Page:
ESP8266-01 Programming Breakout Board

Here is my 5V ESP8266-01 programming breakout board.

ESP8266-01_ProgrammingBoard_002_1200

I am now programming the ESP8266’s via the Arduino IDE and I found using bread boards and wires was annoying, especially because I have a habit of VCC and GND mix up. I have a small pile of dead ESP8266-01s, dead due to shorting them while moving wires around. They are next to the pile of Arduino Nanos I have killed for the same reason.

Since starting to use the ESP8266’s again I have made a couple of breadboard friendly breakout boards. Version 1 worked but moving wires was inconvenient (the ESP8266 was in the way). Version 2 was better but I still had to mess with power, resistors and lots of wires. This lead me to version 3. A fully self contained programming breakout board.

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Arduino with HD44780 based Character LCDs

Updated on 2017.04.29.

Introduction
Arduino Libraries
Parallel Interface: Getting Started with a JHD162A 16×2 display
I2C Interface: Getting Started with a J204A 20×4 display with I2C daughter board
Creating custom characters

Introduction

HD44780 compatible LCDs come in many shapes and sizes and two very common ones are the 16×2 and 20×4 characters. Although most screens come with a back light some do not. And although the original interface is parallel some screens come with an I2C adapter/daughter board pre attached (you can buy the I2C adapters separately).

A 16x2 and a 20x4 character LCD display

A 16×2 and a 20×4 character LCD display

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Arduino with Optocouplers

There are many types of optocoupler and you chose one based on the requirements of your circuit. My intention was to create a automatic shutter trigger for my Canon camera, so the circuit was a 5V Arduino and a Canon 40D which has about 3.2V on the shutter release connections. Due to the relatively low voltages there are many suitable optocouplers to pick from. I already had a Fairchild 4N26 so this is the one I used.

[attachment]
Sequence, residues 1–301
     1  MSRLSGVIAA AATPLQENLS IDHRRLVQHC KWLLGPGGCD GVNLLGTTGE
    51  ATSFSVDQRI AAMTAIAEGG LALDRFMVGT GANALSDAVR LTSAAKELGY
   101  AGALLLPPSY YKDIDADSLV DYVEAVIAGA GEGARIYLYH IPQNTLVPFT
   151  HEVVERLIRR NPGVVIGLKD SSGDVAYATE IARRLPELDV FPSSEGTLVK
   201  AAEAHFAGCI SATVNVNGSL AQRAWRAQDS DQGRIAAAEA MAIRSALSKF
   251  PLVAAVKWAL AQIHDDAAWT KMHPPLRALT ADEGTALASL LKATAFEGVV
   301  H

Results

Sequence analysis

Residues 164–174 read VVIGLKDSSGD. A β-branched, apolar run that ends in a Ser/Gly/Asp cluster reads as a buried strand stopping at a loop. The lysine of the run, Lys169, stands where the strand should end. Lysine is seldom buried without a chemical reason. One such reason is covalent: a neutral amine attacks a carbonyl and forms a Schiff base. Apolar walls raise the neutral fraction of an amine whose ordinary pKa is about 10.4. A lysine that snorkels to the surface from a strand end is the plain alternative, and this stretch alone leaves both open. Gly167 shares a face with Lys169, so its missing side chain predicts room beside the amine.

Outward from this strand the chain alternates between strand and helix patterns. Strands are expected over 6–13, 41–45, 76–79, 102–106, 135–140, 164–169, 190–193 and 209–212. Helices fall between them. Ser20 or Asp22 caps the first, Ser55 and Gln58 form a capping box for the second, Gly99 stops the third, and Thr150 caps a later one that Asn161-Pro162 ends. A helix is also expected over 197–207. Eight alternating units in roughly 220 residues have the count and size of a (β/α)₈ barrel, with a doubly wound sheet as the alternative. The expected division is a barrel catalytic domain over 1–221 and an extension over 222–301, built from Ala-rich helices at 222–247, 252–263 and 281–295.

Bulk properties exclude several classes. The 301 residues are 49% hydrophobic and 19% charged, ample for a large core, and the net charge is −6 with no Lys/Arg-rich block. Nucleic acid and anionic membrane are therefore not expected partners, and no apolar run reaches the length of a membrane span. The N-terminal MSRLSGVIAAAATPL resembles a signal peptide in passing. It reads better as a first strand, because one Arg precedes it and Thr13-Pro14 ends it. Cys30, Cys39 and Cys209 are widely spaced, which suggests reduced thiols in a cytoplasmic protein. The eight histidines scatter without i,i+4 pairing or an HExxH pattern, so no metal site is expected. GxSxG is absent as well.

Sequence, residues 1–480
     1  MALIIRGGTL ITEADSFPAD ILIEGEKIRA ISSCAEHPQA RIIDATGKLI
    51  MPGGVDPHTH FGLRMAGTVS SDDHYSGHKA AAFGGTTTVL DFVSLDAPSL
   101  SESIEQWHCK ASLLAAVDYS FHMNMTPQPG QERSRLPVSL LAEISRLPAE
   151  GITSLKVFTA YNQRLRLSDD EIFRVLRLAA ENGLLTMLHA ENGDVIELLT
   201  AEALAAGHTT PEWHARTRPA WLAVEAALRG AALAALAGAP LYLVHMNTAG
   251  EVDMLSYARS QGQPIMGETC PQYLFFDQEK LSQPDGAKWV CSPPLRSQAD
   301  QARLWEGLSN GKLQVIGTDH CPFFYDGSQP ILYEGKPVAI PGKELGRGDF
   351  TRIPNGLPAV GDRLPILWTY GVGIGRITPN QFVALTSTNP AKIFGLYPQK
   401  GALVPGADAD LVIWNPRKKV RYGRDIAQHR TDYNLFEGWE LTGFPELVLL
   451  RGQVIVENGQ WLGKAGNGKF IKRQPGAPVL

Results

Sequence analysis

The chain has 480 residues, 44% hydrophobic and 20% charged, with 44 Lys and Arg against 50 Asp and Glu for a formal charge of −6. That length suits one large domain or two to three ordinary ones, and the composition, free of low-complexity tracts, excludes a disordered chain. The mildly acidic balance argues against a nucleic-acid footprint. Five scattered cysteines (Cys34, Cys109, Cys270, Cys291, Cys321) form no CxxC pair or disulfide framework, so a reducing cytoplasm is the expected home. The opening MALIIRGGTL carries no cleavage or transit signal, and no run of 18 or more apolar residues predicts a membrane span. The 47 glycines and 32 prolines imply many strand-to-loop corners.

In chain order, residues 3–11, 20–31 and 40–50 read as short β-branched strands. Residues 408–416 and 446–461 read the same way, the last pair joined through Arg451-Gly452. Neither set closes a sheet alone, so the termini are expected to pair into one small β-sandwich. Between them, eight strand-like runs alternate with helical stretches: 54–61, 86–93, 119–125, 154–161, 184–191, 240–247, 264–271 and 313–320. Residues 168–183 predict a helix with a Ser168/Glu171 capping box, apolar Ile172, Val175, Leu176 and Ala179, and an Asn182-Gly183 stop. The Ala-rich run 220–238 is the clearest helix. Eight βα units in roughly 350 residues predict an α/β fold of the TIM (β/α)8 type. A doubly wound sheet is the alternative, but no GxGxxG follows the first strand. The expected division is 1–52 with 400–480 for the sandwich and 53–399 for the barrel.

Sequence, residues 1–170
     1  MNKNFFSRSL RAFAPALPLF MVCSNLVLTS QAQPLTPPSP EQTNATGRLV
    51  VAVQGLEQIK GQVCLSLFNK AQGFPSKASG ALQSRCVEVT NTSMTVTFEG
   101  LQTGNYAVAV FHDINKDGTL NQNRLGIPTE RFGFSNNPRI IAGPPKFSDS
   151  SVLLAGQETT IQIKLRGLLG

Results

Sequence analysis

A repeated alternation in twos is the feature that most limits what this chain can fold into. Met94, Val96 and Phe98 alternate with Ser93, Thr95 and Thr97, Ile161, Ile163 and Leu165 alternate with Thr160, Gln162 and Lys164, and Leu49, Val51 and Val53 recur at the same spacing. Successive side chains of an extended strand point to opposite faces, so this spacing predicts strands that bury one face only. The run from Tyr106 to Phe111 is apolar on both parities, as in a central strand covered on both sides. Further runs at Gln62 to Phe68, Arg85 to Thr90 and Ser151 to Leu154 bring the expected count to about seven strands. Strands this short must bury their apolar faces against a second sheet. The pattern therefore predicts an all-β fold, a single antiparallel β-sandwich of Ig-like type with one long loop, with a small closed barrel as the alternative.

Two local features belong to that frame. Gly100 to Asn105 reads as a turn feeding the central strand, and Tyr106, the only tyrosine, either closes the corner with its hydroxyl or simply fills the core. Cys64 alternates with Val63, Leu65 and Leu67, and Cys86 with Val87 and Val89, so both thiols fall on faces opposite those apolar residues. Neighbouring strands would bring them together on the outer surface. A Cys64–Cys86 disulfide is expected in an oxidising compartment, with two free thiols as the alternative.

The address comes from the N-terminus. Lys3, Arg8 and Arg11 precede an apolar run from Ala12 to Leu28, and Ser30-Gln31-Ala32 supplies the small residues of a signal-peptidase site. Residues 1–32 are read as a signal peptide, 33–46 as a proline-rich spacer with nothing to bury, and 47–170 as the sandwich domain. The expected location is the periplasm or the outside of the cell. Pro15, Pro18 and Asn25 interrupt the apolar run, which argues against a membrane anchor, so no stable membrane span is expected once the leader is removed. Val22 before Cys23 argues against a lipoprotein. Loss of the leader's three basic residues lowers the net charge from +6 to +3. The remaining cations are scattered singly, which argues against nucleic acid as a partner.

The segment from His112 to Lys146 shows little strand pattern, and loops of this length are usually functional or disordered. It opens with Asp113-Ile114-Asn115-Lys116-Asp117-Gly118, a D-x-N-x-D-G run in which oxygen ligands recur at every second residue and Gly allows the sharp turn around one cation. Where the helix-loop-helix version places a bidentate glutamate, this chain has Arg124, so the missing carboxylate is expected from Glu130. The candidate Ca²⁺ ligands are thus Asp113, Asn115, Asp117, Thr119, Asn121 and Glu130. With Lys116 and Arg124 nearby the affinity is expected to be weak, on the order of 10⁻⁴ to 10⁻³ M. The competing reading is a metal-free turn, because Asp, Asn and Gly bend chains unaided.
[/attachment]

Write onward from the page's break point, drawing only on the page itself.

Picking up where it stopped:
4N26

4N26

Optocouplers are digital switches. They work by using an LED emitter paired with a photo detector transistor. This means they can be used to allow one circuit to switch a separate circuit without having any electrical contact between the two. Basically, if you put a current through pins 1 and 2 and light the LED the photo detector transistor detects the light from the LED and allows a current to flow through pins 5 and 4. No current on pins 1 and 2 means current does not pass through pins 5 and 4.

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HM-10 Bluetooth 4/BLE Modules

Updated 2017-06-05.
Firmware version 5.49 is now available from the Jinan Huamao website. At the time of writing the readme file has not been updated so I don’t know what changes there are over 5.47.

Since I first posted about the HM-10 the firmware has been update several times and some of the commands have changed. Therefore, I decided to redo the guide. For this update I am using modules with firmware 5.47 (except the one I am using for the firmware update guide, this started at v5.40). Firmware 5.47 appears to be back to normal and AT+DISC? and AT+DISI? work again. It seems these commands were broken in firmwares 3.9x onwards.

Introduction
Bluetooth / BLE
HM-10 Basic specs
Get Started With the HM-10
Getting an Arduino talking to the HM-10
HM-10 AT Commands: Using the Arduino’s serial monitor to talk to the HM-10
Scanning for other HM-10s
Arduino to Arduino using HM-10s
HM-10: Updating the firmware
HM-10 Downloads

Introduction

The HM-10 is has become a very popular Bluetooth 4 / Bluetooth LE / BLE module for use with the Arduino. In part this is due to the standard UART serial connection it offers that makes it fairly straight forward to connect to an Arduino (The UART layer is a good thing and a bad thing).

The HM-10 is made by Jinan Huamao who make a range of Bluetooth modules including the HM-11 which works in the same way as the HM-10 but in a smaller form factor with less pins broken out.

There are 2 versions of the HM-10; the S version and the C version. There are slight component differences due to the date of manufacture and the HM-10C does not have the pads along the bottom (it has 26 pads instead of 34) due to cost savings. Operationally they are the same though.

HM-10S

HM-10S

HM-10C

HM-10C

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HC-06 hc01.comV2.0

HC-06_hc01.com_02_800

ZS-040_HC-06_hc01.comV2.0

The latest zs-040 HC-06 modules have an updated firmware, hc01.comV2.0. This firmware has the following defaults:
– baud rate = 9600
– password = 1234
– nl/cr line endings not required.
– AT commands are required to be in upper case
– Firmware version = hc01.comV2.0
– Name = HC-06
– No parity
– SLAVE mode

Since the Bluetooth hardware is the same as the previous zs-040 HC-06s the Bluetooth specs are also the same. Bluetooth 2.0 EDR, SSP.
These use a slightly different BT module than the other zs-040 boards and there is a blue LED at the top left of the daughter board.
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Arduino to Arduino by Bluetooth

Updated 12.06.2016: Added example 2